Lessons Learned From Jamaica

Falmouth Jamaica   We returned to Miami from Jamaica last night after a three day trip where we visited crew member clients in Montego Bay, Falmouth and Ocho Rios. The weather was fantastic and the Jamaican people were warm and friendly, as usual. It is always delightful to travel to Montego Bay, which is an easy one and one-half hour flight from Miami.

Royal Caribbean's Oasis of the Seas was in port when we visited Falmouth on Tuesday. The Freedom of the Seas and the Navigator of the Seas arrived on Wednesday morning. On these two days, over 10,000 people arrived on cruise ships from South Florida but you would never know it walking around the town.   

One of the problems we have witnessed with the "revitalization" of Falmouth is that the cruise line loads up its cruise passengers onto pre-booked and pre-paid excursion buses within the gates of the port and then sends them out of town to Ocho Rios or Dunn's River Falls.  We witnessed few passengers actually walking in to the town and buying souvenirs or eating in the local restaurants.

It would be quite easy to have the passengers board the buses at a central location in the town, say at the roundabout and then head off on their excursions. This way, they would be encouraged to shop in Falmouth, both before and after the bus excursions, as they walk to and from the cruise ships. But as matters now stand, the passengers are isolated from the local vendors in Falmouth. The cruise line Falmouth Jamaica  wants to capture as much of the passengers money as possible and seems to prefer that the passengers buy the goods and services offered by the cruise line sponsored vendors behind the fence erected between the ship and the local vendors.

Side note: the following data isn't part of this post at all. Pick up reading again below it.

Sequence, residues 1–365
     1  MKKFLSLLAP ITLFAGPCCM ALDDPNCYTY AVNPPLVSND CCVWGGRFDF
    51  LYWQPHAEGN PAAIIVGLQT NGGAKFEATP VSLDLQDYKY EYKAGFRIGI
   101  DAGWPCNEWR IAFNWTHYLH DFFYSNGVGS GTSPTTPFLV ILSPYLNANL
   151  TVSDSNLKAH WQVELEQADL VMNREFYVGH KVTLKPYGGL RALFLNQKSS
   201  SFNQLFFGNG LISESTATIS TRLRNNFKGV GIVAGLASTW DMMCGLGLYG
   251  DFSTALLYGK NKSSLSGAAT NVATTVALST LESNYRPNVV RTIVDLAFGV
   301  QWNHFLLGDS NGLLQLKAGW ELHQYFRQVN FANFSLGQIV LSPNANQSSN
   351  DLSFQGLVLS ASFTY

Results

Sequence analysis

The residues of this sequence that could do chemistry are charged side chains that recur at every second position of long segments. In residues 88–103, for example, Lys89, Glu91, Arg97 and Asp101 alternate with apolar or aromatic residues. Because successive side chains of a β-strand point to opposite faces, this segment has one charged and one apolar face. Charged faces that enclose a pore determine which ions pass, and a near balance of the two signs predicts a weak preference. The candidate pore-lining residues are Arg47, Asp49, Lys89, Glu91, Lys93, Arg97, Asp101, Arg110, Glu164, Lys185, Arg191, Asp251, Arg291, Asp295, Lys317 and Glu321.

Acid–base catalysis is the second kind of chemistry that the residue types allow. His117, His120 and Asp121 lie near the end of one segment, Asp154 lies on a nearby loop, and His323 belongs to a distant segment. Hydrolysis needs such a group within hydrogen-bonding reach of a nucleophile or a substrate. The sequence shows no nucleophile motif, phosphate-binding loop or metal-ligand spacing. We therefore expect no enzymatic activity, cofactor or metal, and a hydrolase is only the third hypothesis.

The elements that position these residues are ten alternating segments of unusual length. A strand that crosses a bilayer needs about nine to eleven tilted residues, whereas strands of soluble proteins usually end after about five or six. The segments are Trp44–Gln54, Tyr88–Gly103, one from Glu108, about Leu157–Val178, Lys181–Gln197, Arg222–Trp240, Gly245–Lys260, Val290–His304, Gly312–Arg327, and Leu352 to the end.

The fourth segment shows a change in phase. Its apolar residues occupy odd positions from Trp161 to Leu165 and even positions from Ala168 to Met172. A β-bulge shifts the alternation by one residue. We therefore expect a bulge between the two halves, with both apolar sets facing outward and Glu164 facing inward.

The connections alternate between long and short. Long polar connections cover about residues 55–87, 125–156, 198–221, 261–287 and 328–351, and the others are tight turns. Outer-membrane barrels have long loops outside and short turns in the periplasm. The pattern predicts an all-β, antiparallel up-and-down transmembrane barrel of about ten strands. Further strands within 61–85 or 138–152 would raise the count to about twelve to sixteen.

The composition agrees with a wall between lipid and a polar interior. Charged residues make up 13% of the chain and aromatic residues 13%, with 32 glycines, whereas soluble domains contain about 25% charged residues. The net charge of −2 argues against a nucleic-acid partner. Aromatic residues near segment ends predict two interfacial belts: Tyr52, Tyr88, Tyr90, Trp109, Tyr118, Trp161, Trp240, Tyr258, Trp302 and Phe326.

Falmouth will never be truly revitalized until the cruise passengers turn into tourists who actually walk into and support the people of Falmouth.

In Ocho Rios, we met with approximately 50 crew members and former crew members working for Carnival, Royal Caribbean, Celebrity and Disney cruise lines. It was a record attendance for us. We met people who traveled from Negril, Port Antonio, Mandeville, and Kingston.   

We met in the famous "No Problem Room" at the Hibiscus Lodge.  I took a photo of my partners Lisa and Jonathan meeting with a client whose cruise ship related problems we helped solve.  

One of the most painful things we observed, and experienced, was when a crew member with a serious injury or medical ailment appeared at our meeting but had not contacted an attorney for four or five years. None of the crew members we met understood that there is a three year limitations for bringing claims against the cruise lines. Some of the men and women we met had worked for over two decades in the cruise industry and were left with serious injuries to their backs. Yet after returning home they did not understand that they had only three years to make a claim.

Most of the injured crew members we met have had no medical treatment arranged whatsoever by the cruise lines. Many were forced to pay for their own medical visits in the hope that the cruise line No Problem Room - Ocho Rio Jamaicawould reimburse them. All of this violates maritime law. Unlike U.S. passengers who if injured during a cruise receive great medical care back in their home states, the Jamaican crew members we meet invariably are still suffering with no medical care months and months after their shipboard accidents and injuries.

Jamaica remains a country where many cruise lines believe that they can send their injured crew members and then look the other way even after the employees served faithfully on cruise ships for over 20 years.